He was practicing as a junior doctor and had very little training in running. But he had one thing that nobody before him did. He believed it was possible. He let go of the traditional limits prescribed by his sport and know it was possible to break that 4 minute barrier.
During the 1952 Olympics in Helsinki Roger has both an extreme success and failure. He broke the British world record in the 1500m while also not qualifying for a medal.
And that was the day he set not just a goal, but a SMART goal. He wanted to be the first person to run a mile in less than 4 minutes. His training intensified and two years later, at a road track in Oxford, the official announcement of his 3:59.4 time was drowned out by the roar of the crowd.
He set a specific goal. He believed he could do it. And he became the first person to break a barrier that was considered impossible for so long. But the magic of the story doesn’t end there.
His record lasted all of 46 days.
And in the following year, 37 people ran the 4 minute mile. Think about that for a second. Something that was once considered seemingly impossible is achieved by one person and then the floodgates open. Belief paired with a smart goal.
More than just belief, many of those who have achieved the greatest of things knew deep within themselves that it was possible. They saw it. It felt real. And it’s a technique called pre-visualization that has been incredibly effective in sports.
Steve Nash, potentially one of the greatest Canadian basketball players of all time, was also the all-time leader in NBA free throw shooting percentage. Over the course of his career and 3,400 attempts from the foul line, Nash made 90.4% of them. And before every shot he took several imaginary shots where he pictured the ball going in and felt the movements throughout his body.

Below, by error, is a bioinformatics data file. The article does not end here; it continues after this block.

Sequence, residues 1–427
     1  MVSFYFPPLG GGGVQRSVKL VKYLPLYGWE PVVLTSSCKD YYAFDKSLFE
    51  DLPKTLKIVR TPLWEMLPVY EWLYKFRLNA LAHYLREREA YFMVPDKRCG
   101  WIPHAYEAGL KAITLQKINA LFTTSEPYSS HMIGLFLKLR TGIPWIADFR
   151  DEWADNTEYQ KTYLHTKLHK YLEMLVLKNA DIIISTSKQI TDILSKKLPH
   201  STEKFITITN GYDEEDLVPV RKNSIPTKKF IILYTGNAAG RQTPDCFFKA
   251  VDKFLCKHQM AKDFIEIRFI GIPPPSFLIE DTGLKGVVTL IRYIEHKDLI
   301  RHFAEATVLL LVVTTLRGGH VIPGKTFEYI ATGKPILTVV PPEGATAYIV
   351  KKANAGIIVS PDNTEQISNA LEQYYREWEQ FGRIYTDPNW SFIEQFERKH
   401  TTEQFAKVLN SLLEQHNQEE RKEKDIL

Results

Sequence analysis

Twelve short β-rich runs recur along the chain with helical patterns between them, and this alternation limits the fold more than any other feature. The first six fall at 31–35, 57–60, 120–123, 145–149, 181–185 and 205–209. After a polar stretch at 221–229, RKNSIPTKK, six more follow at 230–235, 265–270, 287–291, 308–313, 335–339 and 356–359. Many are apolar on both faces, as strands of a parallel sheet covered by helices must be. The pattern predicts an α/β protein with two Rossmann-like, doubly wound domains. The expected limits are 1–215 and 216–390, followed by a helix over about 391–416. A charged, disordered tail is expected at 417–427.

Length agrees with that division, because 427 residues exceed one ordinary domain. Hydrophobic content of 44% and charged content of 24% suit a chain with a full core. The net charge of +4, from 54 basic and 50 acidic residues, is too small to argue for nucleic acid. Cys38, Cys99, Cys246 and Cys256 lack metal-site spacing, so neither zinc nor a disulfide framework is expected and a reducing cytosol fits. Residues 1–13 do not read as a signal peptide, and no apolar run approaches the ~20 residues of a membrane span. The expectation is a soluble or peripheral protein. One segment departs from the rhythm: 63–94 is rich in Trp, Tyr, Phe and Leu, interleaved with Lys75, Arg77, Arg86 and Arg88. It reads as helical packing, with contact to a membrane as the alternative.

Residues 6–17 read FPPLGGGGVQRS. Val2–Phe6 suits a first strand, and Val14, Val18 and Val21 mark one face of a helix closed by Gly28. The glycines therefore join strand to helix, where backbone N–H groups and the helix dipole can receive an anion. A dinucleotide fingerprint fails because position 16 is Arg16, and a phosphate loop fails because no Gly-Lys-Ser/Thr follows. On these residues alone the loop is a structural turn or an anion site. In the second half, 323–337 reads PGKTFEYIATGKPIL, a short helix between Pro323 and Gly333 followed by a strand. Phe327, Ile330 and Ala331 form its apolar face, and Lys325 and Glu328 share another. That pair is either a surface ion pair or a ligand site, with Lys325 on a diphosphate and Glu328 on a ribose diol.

In the words of Dave Jacka, we are only limited by what we think we can do. And more than just thinking, when we can both see and feel our goal, it becomes much closer. And if we take the time to break it down and make a SMART goal, our chances of success skyrocket.[do action=”pullquote-tweet-withurl”]”You’re only limited by what you think you can do.” Dave Jacka, Quadriplegic since age 19[/do]
Now if you want to get super serious about reaching your filmmaking goals, we have something really special being released next week. We’ve been working with the Story & Heart team on a totally rad EDU launch coming January 19.
It will take what the S&H team does best–collaboration & community–and pair that with Stillmotion’s long-standing passion and devotion to education. The result is something that will certainly help you reach your goals this year.
Join our mailing list below for the inside scoop and special offer exclusive to our mailing list.
An for those of you that want to take one of your goals and turn it into a SMART goal, post it here on the blog and we’ll give away 3 KNOW Field Guides to some of the most inspiring and interesting replies.
* and just in case you thought we made all of this up (we’re good, but not that good) OR you’re looking for some light bedtime reading, these studies have been referenced thousands of times and will give you all the background into the research behind the value of setting goals.
Locke, E. A., & Latham, G. P. (1990). A Theory of Goal Setting and Task Performance. Englewood Cliffs, NJ: Prentice Hall.
Locke, E. A., & Latham, G. P. (2002). Building A Practically Useful Theory of Goal Setting and Task Motivation: A 35-Year Odyssey. American Psychologist, Vol 57(9).